Panera Bread knows its soup bread bowls have become an icon in the comfort food category, especially during the pandemic. Here’s the how the restaurant is repurposing one of its most popular menu items into something more fit for the post-pandemic consumer.
This past Earth Day, Panera Bread proffered up a bicycle to help those who didn’t have access to gyms or needed a new form of non-public transportation. With one slight tweak: The basket on the bicycle is in fact, an insulated (non-edible) bread bowl. In addition to the bread bowl basket, the custom Vivelo bikes come in the signature Panera green hue and also feature the Panera logo itself. To celebrate more Earth-friendly ways to get around, the brand gave away 30 of the bikes in a contest this past April. On Earth Day, Panera also offered all its soups for 50% off. The effort isn’t the first time the brand has emphasized the eco-conscious holiday. Last October, Panera introduced Cool Food Meals to highligh numerous products on its menu, such as soup, that are more climate-friendly options. According to the soup and sandwich mainstay, if every Panera customer ordered a Cool Food Meal on Earth Day, it would reduce greenhouse gas emissions at a rate equivalent to taking more than 1,100 passenger vehicles off the road for an entire year.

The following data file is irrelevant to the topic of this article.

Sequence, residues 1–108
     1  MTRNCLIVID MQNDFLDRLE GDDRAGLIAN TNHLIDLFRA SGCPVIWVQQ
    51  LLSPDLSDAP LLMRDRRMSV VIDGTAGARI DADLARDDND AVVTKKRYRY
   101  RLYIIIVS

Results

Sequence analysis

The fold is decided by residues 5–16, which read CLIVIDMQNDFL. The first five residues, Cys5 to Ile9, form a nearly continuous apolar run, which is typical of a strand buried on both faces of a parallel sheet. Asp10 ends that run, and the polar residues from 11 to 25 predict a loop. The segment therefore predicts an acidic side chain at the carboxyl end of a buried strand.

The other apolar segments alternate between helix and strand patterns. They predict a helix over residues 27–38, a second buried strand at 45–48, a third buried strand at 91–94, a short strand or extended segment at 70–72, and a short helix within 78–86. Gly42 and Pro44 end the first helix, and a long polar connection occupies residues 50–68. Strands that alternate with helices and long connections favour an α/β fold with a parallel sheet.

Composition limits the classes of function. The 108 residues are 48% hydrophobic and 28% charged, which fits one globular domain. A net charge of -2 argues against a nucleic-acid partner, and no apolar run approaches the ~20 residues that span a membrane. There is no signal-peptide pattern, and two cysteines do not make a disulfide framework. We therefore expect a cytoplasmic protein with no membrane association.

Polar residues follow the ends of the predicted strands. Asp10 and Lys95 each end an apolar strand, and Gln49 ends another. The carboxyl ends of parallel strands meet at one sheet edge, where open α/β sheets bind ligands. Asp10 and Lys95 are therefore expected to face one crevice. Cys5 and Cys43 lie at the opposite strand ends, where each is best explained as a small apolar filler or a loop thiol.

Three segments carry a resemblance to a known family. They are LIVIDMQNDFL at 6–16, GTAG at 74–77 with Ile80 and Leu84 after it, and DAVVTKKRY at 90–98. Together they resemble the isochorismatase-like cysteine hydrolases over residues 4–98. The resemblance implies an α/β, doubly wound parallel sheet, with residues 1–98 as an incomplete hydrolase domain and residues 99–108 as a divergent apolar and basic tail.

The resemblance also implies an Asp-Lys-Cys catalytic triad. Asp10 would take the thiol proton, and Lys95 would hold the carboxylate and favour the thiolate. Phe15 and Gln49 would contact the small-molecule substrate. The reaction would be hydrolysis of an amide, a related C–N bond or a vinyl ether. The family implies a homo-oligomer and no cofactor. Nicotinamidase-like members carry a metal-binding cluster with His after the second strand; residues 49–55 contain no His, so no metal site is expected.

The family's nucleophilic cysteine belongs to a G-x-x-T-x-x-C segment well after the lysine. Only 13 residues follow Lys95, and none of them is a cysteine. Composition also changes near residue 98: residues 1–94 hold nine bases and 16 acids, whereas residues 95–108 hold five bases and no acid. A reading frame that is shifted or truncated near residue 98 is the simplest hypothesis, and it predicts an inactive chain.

While Panera’s latest push might sound a bit random, it actually taps into several trends of the moment while also furthering a much larger mission. During the pandemic, baking bread and indulging in comfort foods ruled the consumer mindset. Now, as the pandemic comes to a close and consumers are beginning to focus more on their health and appearance ahead of summer, Panera’s toasty bread basket allows them to enjoy the warmth and comfort of the classic soup-in-a-bread-bowl, minus the calories. This sensory marketing technique is one that major brands, including Reese’s Peanut Butter Cups, Oscar Mayer, Denny’s, and most recently, Kraft Singles, have been toying with. Finally, today’s consumer seeks out brands with a greater purpose than simply selling products, with sustainability-based subjects at the forefront, making Panera’s Earth Day initiative well-timed and well-toned.
Repurposing customer favorite products, like soup-in-a-bread-bowl, to cook up new content is a strategy that leading restaurants in Gartner’s report on the sector turned to when the pandemic began. In the past, Panera Bread played on the cult following of its bread bowls by creating a bread bowl mitten for customers to cuddle up to amidst the buzz of Bernie Sanders’ famous Smittens. Now, the label is taking this love to the next level with not only a larger item, but a larger mission—something brands of all backgrounds should look into doing when planning efficient ways to cater to the post-pandemic consumer.